Nuclear agreement will have ‘strategic cost’ for US alliances in the Middle East, says Retired Adm. Stavridis
The nuclear deal reached July 14 that limits Iran’s nuclear program in exchange for sanctions relief will have a significant impact on the United States’ alliances in the Middle East, says retired Adm. James Stavridis, a former NATO Supreme Allied Commander Europe.
“I think you are going to see a great deal of strategic cost to the United States in our alliance structures in the region,” Stavridis said at the Atlantic Council July 14.
Evidence of this strain came swiftly in the form of a sharp statement from Israeli Prime Minister Benjamin Netanyahu denouncing the deal as a “historic mistake.” Arab Gulf states, too, are worried that the agreement will tilt the regional balance in Iran’s favor.
While acknowledging the enormous amount of work that has gone into bringing the deal to fruition, Stavridis said he remains skeptical.
“I am, like a lot of people, eagerly awaiting visibility on the text [of the agreement] and in particular on the verification regime that is very central to this,” he said.
Stavridis noted that the deal will provide Iran with a “huge basket of resources” as a result of the lifting of sanctions. And, he added, Iran will continue to pose more than just a regional challenge.
Stavridis, who serves as the Dean of the Fletcher School of Law and Diplomacy at Tufts University, spoke as part of a panel discussion with former National Security Advisor Stephen J. Hadley and Atlantic Council President and CEO Frederick Kempe. Fran Burwell, Vice President and Director of the Atlantic Council’s Program on Transatlantic Relations, moderated the discussion.
Kempe and Stavridis announced an exclusive partnership between the Atlantic Council and the Fletcher School.
Hadley said the objectives of the negotiations with Iran had changed over the past five years from seeking to prevent Iran from having the capability to build a nuclear weapon to increasing the breakout time—the time it would take for Iran to build a nuclear weapon.
“That is a different objective, and it is a slipperier objective, and it is a harder objective,” he said.
In such a situation verification is “terribly important” but it is also “really hard,” he added.
Hadley predicted that there will be plenty of bumps along the road.
“The burden for [implementation] will largely be on the next President” of the United States, he added.
A senior US official said in a background briefing with reporters July 14 that the deal puts the President in a much stronger position because of strict limitations and the type of transparency and verification measures that were not in place before the deal.
Kempe struck a cautious note.
“You really don’t know whether it is a bad or a good agreement until you see how it is implemented,” he said, noting that in the past good deals have been terribly implemented.
Kempe noted a potentially positive outcome of the breakthrough: On July 14, US President Barack Obama’s remarks on the nuclear deal were broadcast live on TV sets in Iran.
“That’s a virus in the system,” Kempe said.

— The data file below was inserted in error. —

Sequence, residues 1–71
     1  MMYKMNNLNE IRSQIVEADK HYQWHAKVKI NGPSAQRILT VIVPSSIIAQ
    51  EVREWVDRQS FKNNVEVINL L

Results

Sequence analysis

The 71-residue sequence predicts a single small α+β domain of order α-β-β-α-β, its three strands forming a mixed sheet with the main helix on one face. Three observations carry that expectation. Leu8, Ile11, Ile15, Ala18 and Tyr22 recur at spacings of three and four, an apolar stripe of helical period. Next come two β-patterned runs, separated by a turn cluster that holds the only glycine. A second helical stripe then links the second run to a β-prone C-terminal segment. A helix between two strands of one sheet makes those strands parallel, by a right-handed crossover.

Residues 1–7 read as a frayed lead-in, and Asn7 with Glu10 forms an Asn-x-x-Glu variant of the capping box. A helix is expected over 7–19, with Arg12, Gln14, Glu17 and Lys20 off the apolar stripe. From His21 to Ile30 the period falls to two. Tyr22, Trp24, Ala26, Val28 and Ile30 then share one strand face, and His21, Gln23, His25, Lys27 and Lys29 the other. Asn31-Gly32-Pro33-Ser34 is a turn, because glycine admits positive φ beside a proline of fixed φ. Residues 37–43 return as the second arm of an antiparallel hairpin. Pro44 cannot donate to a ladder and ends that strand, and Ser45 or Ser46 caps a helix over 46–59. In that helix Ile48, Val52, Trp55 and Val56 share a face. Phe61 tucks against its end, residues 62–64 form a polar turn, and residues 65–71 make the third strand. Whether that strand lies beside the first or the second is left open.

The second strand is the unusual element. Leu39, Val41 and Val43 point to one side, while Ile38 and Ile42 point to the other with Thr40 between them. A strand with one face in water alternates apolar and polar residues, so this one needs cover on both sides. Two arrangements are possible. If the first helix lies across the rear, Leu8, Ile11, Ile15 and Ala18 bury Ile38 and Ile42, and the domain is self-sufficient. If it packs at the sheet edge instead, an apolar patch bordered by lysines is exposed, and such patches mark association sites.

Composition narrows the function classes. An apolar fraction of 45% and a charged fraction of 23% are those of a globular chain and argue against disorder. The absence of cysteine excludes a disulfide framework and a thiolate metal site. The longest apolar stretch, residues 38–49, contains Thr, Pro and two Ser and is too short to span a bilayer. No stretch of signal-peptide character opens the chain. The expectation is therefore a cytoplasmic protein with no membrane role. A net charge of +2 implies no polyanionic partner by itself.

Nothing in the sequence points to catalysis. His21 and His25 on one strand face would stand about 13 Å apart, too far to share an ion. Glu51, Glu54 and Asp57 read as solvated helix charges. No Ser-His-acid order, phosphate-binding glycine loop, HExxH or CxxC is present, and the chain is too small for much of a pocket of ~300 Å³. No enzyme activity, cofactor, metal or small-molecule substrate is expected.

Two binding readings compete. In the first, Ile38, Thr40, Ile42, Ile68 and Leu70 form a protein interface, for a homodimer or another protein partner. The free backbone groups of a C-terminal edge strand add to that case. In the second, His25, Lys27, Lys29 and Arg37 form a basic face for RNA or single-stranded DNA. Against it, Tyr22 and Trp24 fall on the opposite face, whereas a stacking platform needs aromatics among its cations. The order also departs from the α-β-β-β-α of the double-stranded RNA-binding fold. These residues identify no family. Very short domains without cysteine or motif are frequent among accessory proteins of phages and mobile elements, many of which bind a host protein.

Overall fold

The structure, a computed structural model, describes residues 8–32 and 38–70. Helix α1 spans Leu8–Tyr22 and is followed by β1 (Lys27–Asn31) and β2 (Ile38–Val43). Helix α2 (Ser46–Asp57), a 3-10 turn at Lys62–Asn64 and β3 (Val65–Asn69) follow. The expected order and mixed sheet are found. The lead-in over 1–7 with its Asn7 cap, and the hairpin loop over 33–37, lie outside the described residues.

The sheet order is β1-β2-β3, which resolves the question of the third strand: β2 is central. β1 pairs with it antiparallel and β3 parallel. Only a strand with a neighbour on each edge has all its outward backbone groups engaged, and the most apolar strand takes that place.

“We know through polling that Iranians are actually more pro-American than many people in that whole region. Where does that lead? We actually don’t know, but we can help shape it through more people-to-people exchanges, what the West Germans used to call ‘change through growing closer,’” he added.
Noting that Iran, like the United States, is worried about the Islamic State in Iraq and al-Sham (ISIS) in Syria, Kempe said Tehran may look at Washington as an ally in that fight.
“If they want to take it on, we’re really going to have to talk about that,” he added.
Kempe said the United States needs to reassure its Gulf allies on the nature of the deal with Iran and broaden its engagement with Iran.
“The real question is can we walk and chew gum at the same time? … During the Soviet period we … had nuclear talks, but we also had the Helsinki process, we had human rights talks. The question is can we now shift to more of that kind of approach to the region,” he added.
Greece: A Symptom of What Ails Europe?
Europe, meanwhile, has been preoccupied with the economic crisis in Greece.
On July 13, Greece’s creditors struck a deal that paves the way to negotiations on a third bailout for Greece.
Stavridis described the challenge posed by Greece to the European project as profoundly important to the United States.
“If Greece [crashes out of the Eurozone]—and I think this is still 50-50—then I think you have a Greece that is angry, disaffected, and will become extremely difficult in the councils of Europe,” he said.
To have a member of consensus-driven organizations such as the European Union and NATO that is rebuffed in economic despair “will do nothing but put those organizations in irons,” he added.
Hadley said the situation involving Greece is both a cause as well as a symptom of the problems that Europe faces today.
“There is a crisis of legitimacy in the European project within the European people and that is really the problem they are going to have to come to grips with,” he said.
Kempe pointed out that Europe’s dysfunctions are a strategic threat to the United States.
“We have got dangers on the horizon in Europe. We are looking at Ukraine, we are looking at ISIS, but I really think we also have to take a look at Europe again as well,” he said.
Ashish Kumar Sen is a staff writer at the Atlantic Council.